How sun smart are you?
“Knowing the facts about skin cancer can help protect us from the disease, yet many of us don’t really know the risks or how we can prevent skin cancer,” said Dr. Daniel Sheehan, a dermatologic surgeon with Augusta University Health.
Check your knowledge with the following myths and facts:
Myth: All types of skin cancer look and behave the same way.
There are actually three types of skin cancer. Basal cell carcinoma is the most common and least deadly. It may look like a nodule, a sore, an inflamed growth, or irritated skin. Squamous cell carcinoma may appear as a crusty or scaly patch of skin surrounded by red that resembles a tumor or non-healing wound. Melanoma is the least common and most dangerous form of skin cancer, often looking like a new mole or developing within an existing mole.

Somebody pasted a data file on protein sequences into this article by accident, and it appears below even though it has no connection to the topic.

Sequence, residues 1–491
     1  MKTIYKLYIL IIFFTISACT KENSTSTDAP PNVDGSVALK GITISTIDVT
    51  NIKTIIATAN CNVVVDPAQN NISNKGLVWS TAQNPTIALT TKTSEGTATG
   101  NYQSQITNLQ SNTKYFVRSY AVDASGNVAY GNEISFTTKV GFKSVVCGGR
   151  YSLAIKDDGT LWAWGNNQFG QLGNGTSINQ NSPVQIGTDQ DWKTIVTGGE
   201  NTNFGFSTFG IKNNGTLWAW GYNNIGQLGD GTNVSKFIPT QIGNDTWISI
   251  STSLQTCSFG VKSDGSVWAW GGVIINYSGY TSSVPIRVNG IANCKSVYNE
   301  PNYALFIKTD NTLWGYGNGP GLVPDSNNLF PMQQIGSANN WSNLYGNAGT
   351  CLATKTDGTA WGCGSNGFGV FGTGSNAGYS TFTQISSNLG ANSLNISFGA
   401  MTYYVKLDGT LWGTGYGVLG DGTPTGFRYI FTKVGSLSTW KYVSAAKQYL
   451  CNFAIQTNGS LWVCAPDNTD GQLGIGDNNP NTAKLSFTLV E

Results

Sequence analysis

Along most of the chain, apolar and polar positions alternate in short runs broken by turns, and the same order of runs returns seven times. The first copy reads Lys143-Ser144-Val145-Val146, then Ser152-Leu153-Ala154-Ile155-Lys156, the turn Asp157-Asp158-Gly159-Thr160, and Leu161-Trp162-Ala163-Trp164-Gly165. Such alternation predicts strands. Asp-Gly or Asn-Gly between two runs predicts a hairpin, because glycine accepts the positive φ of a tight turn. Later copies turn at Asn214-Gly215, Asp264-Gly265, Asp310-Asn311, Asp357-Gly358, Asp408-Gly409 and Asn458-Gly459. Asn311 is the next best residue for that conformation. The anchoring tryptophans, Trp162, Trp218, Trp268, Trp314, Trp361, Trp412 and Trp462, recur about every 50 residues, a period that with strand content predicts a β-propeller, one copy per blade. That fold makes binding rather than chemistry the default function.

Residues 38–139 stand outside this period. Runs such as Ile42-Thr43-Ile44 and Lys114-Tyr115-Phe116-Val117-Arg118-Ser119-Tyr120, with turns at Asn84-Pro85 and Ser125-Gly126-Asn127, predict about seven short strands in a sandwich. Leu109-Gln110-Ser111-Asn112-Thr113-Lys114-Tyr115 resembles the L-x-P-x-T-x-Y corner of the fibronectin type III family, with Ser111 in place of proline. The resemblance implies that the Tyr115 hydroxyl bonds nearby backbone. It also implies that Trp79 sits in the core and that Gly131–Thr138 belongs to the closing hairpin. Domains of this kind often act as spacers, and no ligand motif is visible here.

Myth: You can only develop skin cancer on parts of the body regularly exposed to sunlight.
Skin cancer can actually develop anywhere on the body, including inside the mouth. Squamous cell carcinoma is the most likely to begin on parts of the body not exposed to sunlight.
Myth: I have dark skin, so I’m not at risk.
Although those with fair skin do have an increased risk, the shade of your skin does not protect you from skin cancer. Anyone with a history of excessive sun exposure can develop the disease.
Myth: Short of avoiding sunlight altogether, there’s no good way to prevent skin cancer.
Protecting yourself from the sun IS the most effective way to combat skin cancer, but that doesn’t require staying indoors. Use sunscreen with an SPF of 15 or higher every day — and reapply every two hours. Wear sun-protective clothing such as hats, sunglasses, and long sleeves when you can, and avoid the sun when it’s strongest, between 10 a.m. and 4 p.m.